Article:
But what of other known opponents?

Almost unbelievably, convicted animal rights activist Luke Steele, who is current campaigning for a ban on grouse shooting, tweeted in response:

“Whether you are for or against grouse shooting, being abusive or threatening towards others is simply not acceptable. It poisons debate, drive division and, beyond all else, is not decent or necessary. It must stop.”

You’ll forgive me if I don’t believe him.

One of the biggest protagonists is the Raptor Persecution UK blog written by Dr Ruth Tingay, a co-founder of Wild Justice, which Mark Avery described recently as ‘three mates… just larking about’, which no doubt will go down like a lead balloon in rural areas.

Tingay censors all dissent on her site yet never abusive comments from her supporters (neither does Dr Avery). Let’s say calling gamekeepers and shooters ‘the tweed disease’ is one of the mildest insults and leave it at that. However, the spite and bile is evident across the site.

So what was Tingay’s answer to this sorry tale? A sarky blog entitled With straight faces, gamekeepers complain about abuse. Her first line was:

“Is this the most ridiculous shooting-industry propaganda narrative ever?”

Not a shred of sympathy for the terror and mental strain gamekeepers and their families are being put under. No, instead Tingay opined:

“How this is being done with straight faces I just don’t know.”

Naturally, she decided the survey was not rigorous ‘in any sense’, going on to boast that she had dishonestly taken part in it herself. What a jolly wheeze eh? Treating a serious subject with such frivolity. I bet she had a good laugh to herself when she filled in the comments section:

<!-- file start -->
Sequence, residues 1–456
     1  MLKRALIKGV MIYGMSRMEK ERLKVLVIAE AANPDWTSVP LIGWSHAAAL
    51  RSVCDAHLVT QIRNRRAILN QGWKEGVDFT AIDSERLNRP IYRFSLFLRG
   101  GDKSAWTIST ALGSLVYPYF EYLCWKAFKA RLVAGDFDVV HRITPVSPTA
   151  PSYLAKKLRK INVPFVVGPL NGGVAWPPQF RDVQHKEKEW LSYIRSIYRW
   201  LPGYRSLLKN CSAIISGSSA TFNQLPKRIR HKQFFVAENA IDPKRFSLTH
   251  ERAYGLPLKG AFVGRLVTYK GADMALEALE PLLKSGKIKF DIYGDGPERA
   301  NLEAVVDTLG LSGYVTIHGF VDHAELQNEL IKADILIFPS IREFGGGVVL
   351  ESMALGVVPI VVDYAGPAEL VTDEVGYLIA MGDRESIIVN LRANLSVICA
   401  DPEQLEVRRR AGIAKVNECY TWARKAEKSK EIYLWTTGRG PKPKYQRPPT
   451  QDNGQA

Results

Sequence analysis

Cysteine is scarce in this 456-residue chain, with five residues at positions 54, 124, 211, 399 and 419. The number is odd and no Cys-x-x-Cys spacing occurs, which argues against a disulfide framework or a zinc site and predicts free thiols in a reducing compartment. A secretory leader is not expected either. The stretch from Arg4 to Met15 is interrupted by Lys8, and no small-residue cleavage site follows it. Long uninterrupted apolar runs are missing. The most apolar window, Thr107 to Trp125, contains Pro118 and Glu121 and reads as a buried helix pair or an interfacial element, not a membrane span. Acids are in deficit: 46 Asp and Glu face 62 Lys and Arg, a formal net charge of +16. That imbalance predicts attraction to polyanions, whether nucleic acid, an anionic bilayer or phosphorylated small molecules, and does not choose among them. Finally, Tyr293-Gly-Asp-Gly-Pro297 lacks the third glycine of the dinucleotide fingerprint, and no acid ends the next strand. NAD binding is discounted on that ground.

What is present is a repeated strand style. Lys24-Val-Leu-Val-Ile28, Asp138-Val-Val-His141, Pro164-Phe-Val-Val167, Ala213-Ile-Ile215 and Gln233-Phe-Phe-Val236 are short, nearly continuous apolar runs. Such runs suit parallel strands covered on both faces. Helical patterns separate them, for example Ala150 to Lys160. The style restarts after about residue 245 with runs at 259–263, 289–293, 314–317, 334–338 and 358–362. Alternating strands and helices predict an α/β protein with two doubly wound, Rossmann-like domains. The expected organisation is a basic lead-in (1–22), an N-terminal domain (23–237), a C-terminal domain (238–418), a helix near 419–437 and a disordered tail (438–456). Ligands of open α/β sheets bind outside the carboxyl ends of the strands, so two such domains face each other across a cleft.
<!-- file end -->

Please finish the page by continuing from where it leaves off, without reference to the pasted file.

“I like killing animals.”

Her supporters managed not to get abusive but couldn’t resist a dig. R Stuart Craig commented:

“Awe Diddums are the big gamekeepers scared???”

A well-known hunt saboteur who likes to call himself the ‘Accidental Activist’ said:

“Out of all the Gamekeepers I’ve met I’ve yet to find one that seemed to be a reasonable rounded human being. Each and every one has been some kind of sociopath. You’ll forgive me if I don’t feel terribly sorry for them.”

A George M added:

“I find it difficult to believe that many people with risk abusing any armed man especially those who have a reputation for being aggressive at the best of times.”

According to the Crown Prosecution Service, the term ‘hate crime’ can be used to describe a range of criminal behaviours where the perpetrator is motivated by hostility or demonstrates hostility towards the victim’s disability, race, religion, sexual orientation or transgender identity. A hate crime can include verbal abuse, intimidation, threats, harassment, assault and bullying, as well as damage to property. As West Midlands Police has now appointed its first football hate crime officer, isn’t it time the terms covered those abused solely for their profession?

As PC Stuart Ward says:

“It’s unacceptable. If you’re walking down the street and you’re abused, it’s an offence. If it happens online, it’s still an offence.”

Thanks to The Countryman’s Weekly for their kind permission to republish this shocking account.